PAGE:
The second thing law firm leaders should understand is that they have never seen a communications tool like this. It’s true that magazines and billboards and social media are all communications tools; but no magazine in the world has 750 million subscribers the way Facebook does, and nobody uses billboards to issue hourly updates on legal issues, as Twitter allows you to do. Social media has something else that no other tool offers: two-way communication.
Social media allows the public to talk back to a company; more importantly, it also allows members of the public to talk to each other about a company. If social media provided law firms nothing else but the opportunity to receive instant feedback on their content, respond to public inquiries, and conduct free market research about their brand and the things that matters to the people who care enough about the firm to talk about it, social media would be a breakthrough technology. And that’s only one small part of what it does.
4. Some leaders would undoubtedly feel the social media landscape is awash with blogs, tweets and posts and that any further contribution their firm makes will get lost in this – any comments?
I’ve also come across some lawyers who feel that way. Oddly enough, they don’t feel the same way about a traditional media landscape already littered with advertisements, advertorials, and lawyer-contributed content: they’re more than happy to keep buying ad space and sending in articles to overstuffed magazines. This tells me that the problem is not with an overdose of social media content; it’s with the fact that social media is new and still developing and lawyers don’t trust it yet.
Far fewer law firms publish blogs than newsletters; far fewer have Twitter feeds than send articles to their local legal newspaper. Compared to the traditional sea of legal content, social media is as close to a “blue ocean” as lawyers are likely to find. But it’s not going to last forever, and the firms that wait the longest for everyone else to jump in will find that the pool really is too crowded by the time they arrive.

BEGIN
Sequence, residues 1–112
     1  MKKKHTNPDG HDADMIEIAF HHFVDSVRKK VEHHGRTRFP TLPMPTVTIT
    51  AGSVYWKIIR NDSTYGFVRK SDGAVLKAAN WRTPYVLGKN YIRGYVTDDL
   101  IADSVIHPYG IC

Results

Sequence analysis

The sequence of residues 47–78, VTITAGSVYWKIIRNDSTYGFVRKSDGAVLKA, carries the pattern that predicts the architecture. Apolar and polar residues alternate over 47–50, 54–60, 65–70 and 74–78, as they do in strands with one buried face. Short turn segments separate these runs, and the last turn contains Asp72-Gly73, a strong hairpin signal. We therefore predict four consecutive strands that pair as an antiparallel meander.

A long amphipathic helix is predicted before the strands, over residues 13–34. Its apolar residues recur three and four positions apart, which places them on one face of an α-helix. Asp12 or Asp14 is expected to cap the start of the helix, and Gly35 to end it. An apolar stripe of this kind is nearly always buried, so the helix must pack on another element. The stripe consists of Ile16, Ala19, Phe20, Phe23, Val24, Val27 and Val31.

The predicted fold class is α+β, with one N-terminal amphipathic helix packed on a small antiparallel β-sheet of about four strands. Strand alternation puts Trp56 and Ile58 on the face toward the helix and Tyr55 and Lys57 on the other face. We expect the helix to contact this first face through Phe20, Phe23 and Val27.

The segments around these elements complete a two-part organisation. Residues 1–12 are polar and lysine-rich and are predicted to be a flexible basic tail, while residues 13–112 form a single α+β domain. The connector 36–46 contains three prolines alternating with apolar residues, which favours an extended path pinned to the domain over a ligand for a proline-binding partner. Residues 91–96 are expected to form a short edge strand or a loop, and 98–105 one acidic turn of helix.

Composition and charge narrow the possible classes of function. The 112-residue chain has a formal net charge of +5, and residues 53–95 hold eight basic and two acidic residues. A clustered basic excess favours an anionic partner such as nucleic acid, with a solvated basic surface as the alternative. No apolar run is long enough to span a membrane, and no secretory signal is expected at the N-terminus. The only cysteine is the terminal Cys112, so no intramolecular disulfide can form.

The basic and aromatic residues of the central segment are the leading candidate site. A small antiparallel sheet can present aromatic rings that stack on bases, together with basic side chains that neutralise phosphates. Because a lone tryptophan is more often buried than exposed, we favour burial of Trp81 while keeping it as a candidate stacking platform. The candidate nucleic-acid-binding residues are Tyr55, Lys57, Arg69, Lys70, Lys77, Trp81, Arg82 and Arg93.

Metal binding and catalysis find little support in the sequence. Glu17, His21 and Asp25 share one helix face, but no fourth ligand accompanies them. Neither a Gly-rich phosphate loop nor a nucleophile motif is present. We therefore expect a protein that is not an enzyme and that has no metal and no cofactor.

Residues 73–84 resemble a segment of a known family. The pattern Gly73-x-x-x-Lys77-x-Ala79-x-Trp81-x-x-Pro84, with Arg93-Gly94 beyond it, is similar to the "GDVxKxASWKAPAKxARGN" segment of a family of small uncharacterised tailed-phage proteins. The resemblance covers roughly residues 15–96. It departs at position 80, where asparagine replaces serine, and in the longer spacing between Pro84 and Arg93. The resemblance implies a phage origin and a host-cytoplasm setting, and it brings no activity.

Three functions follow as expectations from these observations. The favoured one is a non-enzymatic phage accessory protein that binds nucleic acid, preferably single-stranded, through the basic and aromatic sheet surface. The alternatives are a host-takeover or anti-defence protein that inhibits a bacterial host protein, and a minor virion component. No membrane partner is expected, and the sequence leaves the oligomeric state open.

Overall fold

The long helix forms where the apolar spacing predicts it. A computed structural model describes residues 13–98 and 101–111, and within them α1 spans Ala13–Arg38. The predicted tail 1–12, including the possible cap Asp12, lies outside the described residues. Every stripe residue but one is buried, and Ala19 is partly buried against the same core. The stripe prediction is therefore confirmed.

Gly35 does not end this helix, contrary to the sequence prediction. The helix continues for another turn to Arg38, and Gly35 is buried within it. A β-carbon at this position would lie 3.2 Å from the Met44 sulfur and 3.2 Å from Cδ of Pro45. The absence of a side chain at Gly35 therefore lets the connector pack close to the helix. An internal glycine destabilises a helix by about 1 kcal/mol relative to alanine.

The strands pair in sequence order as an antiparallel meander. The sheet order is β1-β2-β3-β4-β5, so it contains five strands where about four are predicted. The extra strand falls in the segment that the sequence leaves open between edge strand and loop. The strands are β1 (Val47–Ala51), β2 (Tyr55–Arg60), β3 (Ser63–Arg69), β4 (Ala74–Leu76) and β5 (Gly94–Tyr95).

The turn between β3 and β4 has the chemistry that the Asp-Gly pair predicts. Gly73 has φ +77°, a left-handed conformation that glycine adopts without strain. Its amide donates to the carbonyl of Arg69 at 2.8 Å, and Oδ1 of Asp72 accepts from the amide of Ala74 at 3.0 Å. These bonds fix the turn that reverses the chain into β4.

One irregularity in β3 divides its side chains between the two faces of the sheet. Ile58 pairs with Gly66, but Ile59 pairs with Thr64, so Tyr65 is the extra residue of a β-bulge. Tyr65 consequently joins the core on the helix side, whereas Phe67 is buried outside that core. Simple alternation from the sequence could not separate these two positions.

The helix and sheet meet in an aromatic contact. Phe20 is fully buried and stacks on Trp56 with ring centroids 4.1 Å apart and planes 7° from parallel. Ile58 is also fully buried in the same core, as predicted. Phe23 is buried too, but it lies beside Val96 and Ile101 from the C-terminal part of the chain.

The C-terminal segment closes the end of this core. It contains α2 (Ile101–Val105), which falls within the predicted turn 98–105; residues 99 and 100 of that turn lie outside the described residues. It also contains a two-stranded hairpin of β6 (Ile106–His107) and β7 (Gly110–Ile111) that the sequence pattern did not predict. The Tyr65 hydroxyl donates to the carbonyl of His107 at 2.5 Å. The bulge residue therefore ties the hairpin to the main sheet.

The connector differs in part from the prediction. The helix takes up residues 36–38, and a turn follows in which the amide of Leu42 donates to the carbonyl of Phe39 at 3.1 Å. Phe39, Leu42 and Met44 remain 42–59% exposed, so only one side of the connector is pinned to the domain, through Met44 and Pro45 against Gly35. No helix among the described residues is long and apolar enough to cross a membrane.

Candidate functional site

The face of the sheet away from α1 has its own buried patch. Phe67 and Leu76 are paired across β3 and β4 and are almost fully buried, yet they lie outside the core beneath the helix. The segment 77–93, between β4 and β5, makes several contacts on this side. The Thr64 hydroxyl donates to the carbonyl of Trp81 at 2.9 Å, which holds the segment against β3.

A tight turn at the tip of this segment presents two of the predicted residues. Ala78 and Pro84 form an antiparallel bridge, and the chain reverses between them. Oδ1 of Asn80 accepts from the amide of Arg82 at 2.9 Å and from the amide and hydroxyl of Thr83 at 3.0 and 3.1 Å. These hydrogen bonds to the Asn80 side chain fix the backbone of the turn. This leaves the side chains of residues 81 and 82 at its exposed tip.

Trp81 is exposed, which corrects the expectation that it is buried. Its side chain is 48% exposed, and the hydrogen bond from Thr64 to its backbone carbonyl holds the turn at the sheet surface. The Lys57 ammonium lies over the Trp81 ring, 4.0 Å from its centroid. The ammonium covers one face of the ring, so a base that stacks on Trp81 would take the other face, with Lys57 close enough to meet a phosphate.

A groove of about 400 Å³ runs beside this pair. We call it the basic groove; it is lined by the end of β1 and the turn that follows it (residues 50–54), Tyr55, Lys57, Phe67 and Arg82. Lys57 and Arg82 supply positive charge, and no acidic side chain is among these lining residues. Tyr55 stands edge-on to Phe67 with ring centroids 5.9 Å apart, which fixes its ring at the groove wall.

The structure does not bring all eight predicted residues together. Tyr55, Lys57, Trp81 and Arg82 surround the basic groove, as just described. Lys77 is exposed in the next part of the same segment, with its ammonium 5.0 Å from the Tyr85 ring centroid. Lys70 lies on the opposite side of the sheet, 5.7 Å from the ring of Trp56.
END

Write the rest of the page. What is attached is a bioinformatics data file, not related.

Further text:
5. What are the stand-out benefits that arise from a strategic and structured approach to implementation of social media that leaders should be aware of?
Here’s just one. There are no better, more effective and more affordable content publishing and distribution platforms than blogs and Twitter (or possibly Google Plus). It’s almost ridiculous how easy and cheap it is to publish a blog and create a specialized legal news feed on Twitter: much easier, faster, and less expensive than cranking out and mailing yet another printed newsletter (or emailing yet another PDF newsletter).
Law firms produce tons of content, and with some editing, most of it will prove very effective in building profile and attracting business — if it receives outstanding (defined in both quantitative and qualitative terms) publishing and distribution. No law firm in the world has an email database that can compare (either in size or in pass-along functionality) to Twitter, LinkedIn and Google Plus. Create blogs, as many as you can manage, as niched and as specialized and as client-focused as you can make them.
Trust your people to publish great content and give them the best and most advanced editing, publishing and circulation functionality to multiply the impact of that content a hundredfold. Then watch the marketing and business development payoffs begin to pile up.